The Council on Biblical Manhood and Womanhood, a nonprofit founded nearly 40 years ago by John Piper and Wayne Grudem to promote the idea that husbands are God-appointed leader of their wives, among other complementarian views, has named Owen Strachan as its eighth, and youngest president.
The Council on Biblical Manhood and Womanhood made the announcement on Monday that the 32-year-old, who up to this time had served as its executive director since 2012, would be taking over for outgoing President Dr. Ligon Duncan.
"I am thrilled with the election of my dear friend and colleague Dr. Owen Strachan to the presidency of CBMW," stated Duncan in a press release. "Owen's leadership as Executive Director has breathed new life and energy into the organization."
Duncan, who will be transitioning to the post of CBMW Senior Fellow and back onto the organization's board of directors, added, "I will relish encouraging him and supporting his leadership as he commends complementarianism to the coming generations."
Strachan, married with three children, has authored several books (Risky Gospel: Abandon Fear and Build Something Awesome), is assistant professor of Christian Theology and Church History at Boyce College and The Southern Baptist Theological Seminary, and regularly blogs at Patheos under the column "Thought Life."
He recently commented on his work at the Council on Biblical Manhood and Womanhood, and the pushback the organization receives for teaching that the Bible presents strict gender-appropriate roles for men and women, what is known as complementarianism.
CBMW explains in its "Danvers Statement" which presents its position, that complementarianism is "the scripturally derived view that the sexes are complementary — equal in dignity and worth, each the image of God, and called to fill distinct roles in the home and church."
Strachan suggests that the "convictions" expressed in the Danvers Statement are "sensible" and that "when sin causes people to rebel against God's Word (and secondarily his natural design), we're here to defend the wisdom of the biblical worldview and to promote its goodness."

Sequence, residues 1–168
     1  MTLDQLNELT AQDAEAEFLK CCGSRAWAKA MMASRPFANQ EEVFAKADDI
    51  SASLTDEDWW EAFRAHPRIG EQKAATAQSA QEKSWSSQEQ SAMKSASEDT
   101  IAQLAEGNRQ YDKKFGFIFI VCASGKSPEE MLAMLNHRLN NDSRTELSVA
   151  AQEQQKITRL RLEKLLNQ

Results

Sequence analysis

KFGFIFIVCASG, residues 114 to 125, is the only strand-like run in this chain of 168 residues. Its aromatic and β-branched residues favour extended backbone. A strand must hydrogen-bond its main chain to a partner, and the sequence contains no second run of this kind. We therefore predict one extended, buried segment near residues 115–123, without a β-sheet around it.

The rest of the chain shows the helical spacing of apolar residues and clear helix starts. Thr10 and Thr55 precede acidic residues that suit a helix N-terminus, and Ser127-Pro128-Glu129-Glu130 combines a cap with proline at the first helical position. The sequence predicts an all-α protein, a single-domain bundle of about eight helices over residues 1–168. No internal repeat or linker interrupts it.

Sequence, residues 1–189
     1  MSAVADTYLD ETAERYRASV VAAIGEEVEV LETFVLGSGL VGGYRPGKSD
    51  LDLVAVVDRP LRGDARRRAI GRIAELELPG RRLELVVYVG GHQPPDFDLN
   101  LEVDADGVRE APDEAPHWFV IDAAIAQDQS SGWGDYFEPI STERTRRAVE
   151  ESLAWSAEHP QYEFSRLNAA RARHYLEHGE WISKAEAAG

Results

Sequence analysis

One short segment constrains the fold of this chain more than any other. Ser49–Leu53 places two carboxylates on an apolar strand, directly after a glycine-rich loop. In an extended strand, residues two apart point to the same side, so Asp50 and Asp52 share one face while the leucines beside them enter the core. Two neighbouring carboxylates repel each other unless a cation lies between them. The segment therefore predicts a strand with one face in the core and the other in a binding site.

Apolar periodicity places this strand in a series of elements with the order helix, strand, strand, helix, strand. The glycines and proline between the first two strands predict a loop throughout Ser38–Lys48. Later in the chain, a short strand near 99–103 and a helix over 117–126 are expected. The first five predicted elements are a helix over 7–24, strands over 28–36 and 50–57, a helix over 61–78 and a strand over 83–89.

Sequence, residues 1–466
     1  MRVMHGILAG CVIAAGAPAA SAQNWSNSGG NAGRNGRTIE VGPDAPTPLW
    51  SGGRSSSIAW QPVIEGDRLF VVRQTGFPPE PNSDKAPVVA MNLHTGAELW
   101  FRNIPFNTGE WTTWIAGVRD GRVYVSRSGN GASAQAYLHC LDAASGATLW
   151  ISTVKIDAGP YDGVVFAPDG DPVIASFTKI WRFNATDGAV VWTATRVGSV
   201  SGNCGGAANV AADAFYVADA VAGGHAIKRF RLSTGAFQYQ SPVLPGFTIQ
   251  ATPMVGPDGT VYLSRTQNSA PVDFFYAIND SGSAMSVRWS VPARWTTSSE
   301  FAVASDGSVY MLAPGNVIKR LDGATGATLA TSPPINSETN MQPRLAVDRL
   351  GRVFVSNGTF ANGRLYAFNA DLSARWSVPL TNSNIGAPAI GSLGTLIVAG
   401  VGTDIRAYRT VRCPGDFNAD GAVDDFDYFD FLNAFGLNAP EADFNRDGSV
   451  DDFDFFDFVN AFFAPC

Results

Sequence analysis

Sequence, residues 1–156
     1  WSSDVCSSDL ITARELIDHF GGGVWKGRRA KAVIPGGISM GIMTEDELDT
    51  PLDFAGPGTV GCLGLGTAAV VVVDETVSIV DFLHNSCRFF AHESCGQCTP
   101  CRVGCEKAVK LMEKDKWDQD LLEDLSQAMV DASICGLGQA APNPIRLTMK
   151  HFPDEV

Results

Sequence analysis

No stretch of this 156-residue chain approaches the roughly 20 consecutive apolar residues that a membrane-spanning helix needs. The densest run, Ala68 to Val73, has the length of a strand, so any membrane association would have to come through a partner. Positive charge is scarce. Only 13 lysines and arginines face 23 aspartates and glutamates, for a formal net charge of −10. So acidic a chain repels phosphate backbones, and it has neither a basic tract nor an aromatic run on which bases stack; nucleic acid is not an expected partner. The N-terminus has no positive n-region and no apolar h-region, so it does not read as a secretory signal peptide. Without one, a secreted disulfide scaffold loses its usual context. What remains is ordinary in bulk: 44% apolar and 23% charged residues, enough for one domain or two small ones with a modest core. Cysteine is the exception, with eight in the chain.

Among opposing viewpoints held by Christians on the role of men and women in family life and the church is egalitarianism, whose adherents believe the Bible calls for all believers to "exercise their God-given gifts with equal authority and equal responsibility in church, home and world."
Strachan insists that the organization he now leads as president "rests on a bedrock scholarly foundation."
"We have a studied interest in continuing to influence and lead the exegetical conversation over gender roles. But we also have made clear in the last year that we believe that complementarian theology is not only biblical, but is good for us. It's life-giving. It produces transformative bursts of joy. It creates and shapes a new narrative for our confused and sin-cursed lives," he wrote on "Thought Life" in March.
"We occasionally have a person who disagrees with us pop up and try to paint us into a corner. … But we know that when you stand for something definitive, you always risk being targeted. The body of work in our journal and on our website shows that we publish one piece after another on how biblical complementarity, powered by the gospel of Jesus Christ, transforms us, critiques us, and blesses us."
Strachan, who is an elder and Sunday School teacher at Kenwood Baptist Church in Louisville, Kentucky, has been credited with helping to equip CBMW for the times ahead, with SBTS President and CBMW member R. Albert Mohler, Jr., expressing confidence that "Strachan will take CBMW into the future, fully faithful to its past."
The organization, which counts both men and women among its members and staff while its board remains all-male and appears all-white, also lauds Strachan for helping to develop a new CBMW website that has led to a tenfold increase in traffic and for spearheading the 2014 CBMW National Conference in April, described as its largest-ever event.
CBMW, founded in 1987 by Christian ministers and theologians Wayne Grudem and John Piper, states that it is "the world's largest theological resource center promoting biblical teaching on sexuality and gender." Its mission is "to equip the church of the Lord Jesus Christ to celebrate, practice, and defend biblical gender roles, to call men and women to joyfully embrace God's gospel-shaped design for their lives, and to engage the momentous public square issues of the day with biblical fidelity and winsome courage."
The nonprofit organization, located in located in Louisville, is a member of the Evangelical Council for Financial Accountability, which lists CBMW's total 2012 revenue as $84,719, its total expenses as $86,674 and its net assets as $2,602.
Strachan shared his vision for CBMW's future at the conference in April while also commenting on criticism surrounding the organization. His remarks can be viewed in the video player below: